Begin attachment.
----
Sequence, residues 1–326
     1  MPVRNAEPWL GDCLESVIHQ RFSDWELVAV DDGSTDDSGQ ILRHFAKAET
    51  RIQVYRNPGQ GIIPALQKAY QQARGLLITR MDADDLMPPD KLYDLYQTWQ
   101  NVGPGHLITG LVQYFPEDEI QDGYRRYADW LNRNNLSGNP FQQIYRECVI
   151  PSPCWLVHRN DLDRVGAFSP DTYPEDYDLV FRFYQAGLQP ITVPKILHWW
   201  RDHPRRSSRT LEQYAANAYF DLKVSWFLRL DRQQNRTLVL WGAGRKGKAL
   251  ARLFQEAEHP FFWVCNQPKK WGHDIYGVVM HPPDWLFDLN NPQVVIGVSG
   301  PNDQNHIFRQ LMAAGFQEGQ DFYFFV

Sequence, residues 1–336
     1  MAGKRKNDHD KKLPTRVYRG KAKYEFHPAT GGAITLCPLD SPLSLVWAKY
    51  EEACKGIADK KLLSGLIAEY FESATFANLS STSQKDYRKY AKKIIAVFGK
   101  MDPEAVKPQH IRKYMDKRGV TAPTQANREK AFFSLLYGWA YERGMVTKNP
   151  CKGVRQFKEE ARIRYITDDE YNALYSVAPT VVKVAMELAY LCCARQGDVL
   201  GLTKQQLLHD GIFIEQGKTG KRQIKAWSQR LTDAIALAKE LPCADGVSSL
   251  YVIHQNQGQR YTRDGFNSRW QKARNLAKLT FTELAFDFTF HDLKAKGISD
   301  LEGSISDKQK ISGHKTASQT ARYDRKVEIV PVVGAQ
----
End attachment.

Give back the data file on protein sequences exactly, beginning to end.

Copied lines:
Sequence, residues 1–326
     1  MPVRNAEPWL GDCLESVIHQ RFSDWELVAV DDGSTDDSGQ ILRHFAKAET
    51  RIQVYRNPGQ GIIPALQKAY QQARGLLITR MDADDLMPPD KLYDLYQTWQ
   101  NVGPGHLITG LVQYFPEDEI QDGYRRYADW LNRNNLSGNP FQQIYRECVI
   151  PSPCWLVHRN DLDRVGAFSP DTYPEDYDLV FRFYQAGLQP ITVPKILHWW
   201  RDHPRRSSRT LEQYAANAYF DLKVSWFLRL DRQQNRTLVL WGAGRKGKAL
   251  ARLFQEAEHP FFWVCNQPKK WGHDIYGVVM HPPDWLFDLN NPQVVIGVSG
   301  PNDQNHIFRQ LMAAGFQEGQ DFYFFV

Sequence, residues 1–336
     1  MAGKRKNDHD KKLPTRVYRG KAKYEFHPAT GGAITLCPLD SPLSLVWAKY
    51  EEACKGIADK KLLSGLIAEY FESATFANLS STSQKDYRKY AKKIIAVFGK
   101  MDPEAVKPQH IRKYMDKRGV TAPTQANREK AFFSLLYGWA YERGMVTKNP
   151  CKGVRQFKEE ARIRYITDDE YNALYSVAPT VVKVAMELAY LCCARQGDVL
   201  GLTKQQLLHD GIFIEQGKTG KRQIKAWSQR LTDAIALAKE LPCADGVSSL
   251  YVIHQNQGQR YTRDGFNSRW QKARNLAKLT FTELAFDFTF HDLKAKGISD
   301  LEGSISDKQK ISGHKTASQT ARYDRKVEIV PVVGAQ